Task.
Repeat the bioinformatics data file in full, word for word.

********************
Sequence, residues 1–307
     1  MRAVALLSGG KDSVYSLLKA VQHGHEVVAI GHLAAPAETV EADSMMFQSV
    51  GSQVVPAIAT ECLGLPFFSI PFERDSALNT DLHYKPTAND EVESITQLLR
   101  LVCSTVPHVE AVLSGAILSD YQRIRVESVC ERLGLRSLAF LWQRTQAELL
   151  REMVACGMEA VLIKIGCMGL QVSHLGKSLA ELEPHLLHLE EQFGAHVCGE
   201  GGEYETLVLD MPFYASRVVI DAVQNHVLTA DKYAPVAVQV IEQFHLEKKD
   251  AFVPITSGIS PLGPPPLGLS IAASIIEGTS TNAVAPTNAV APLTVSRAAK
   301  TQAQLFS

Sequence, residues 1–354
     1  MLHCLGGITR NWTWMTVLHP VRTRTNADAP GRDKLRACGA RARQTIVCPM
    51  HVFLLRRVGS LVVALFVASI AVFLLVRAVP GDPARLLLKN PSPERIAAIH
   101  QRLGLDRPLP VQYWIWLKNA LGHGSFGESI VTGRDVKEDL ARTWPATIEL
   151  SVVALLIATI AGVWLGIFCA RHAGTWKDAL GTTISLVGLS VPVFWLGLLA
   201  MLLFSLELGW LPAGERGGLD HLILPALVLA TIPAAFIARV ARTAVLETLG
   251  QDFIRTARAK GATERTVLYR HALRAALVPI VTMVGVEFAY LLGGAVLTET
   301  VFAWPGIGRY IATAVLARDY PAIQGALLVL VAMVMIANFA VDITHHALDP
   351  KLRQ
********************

Sequence, residues 1–307
     1  MRAVALLSGG KDSVYSLLKA VQHGHEVVAI GHLAAPAETV EADSMMFQSV
    51  GSQVVPAIAT ECLGLPFFSI PFERDSALNT DLHYKPTAND EVESITQLLR
   101  LVCSTVPHVE AVLSGAILSD YQRIRVESVC ERLGLRSLAF LWQRTQAELL
   151  REMVACGMEA VLIKIGCMGL QVSHLGKSLA ELEPHLLHLE EQFGAHVCGE
   201  GGEYETLVLD MPFYASRVVI DAVQNHVLTA DKYAPVAVQV IEQFHLEKKD
   251  AFVPITSGIS PLGPPPLGLS IAASIIEGTS TNAVAPTNAV APLTVSRAAK
   301  TQAQLFS

Sequence, residues 1–354
     1  MLHCLGGITR NWTWMTVLHP VRTRTNADAP GRDKLRACGA RARQTIVCPM
    51  HVFLLRRVGS LVVALFVASI AVFLLVRAVP GDPARLLLKN PSPERIAAIH
   101  QRLGLDRPLP VQYWIWLKNA LGHGSFGESI VTGRDVKEDL ARTWPATIEL
   151  SVVALLIATI AGVWLGIFCA RHAGTWKDAL GTTISLVGLS VPVFWLGLLA
   201  MLLFSLELGW LPAGERGGLD HLILPALVLA TIPAAFIARV ARTAVLETLG
   251  QDFIRTARAK GATERTVLYR HALRAALVPI VTMVGVEFAY LLGGAVLTET
   301  VFAWPGIGRY IATAVLARDY PAIQGALLVL VAMVMIANFA VDITHHALDP
   351  KLRQ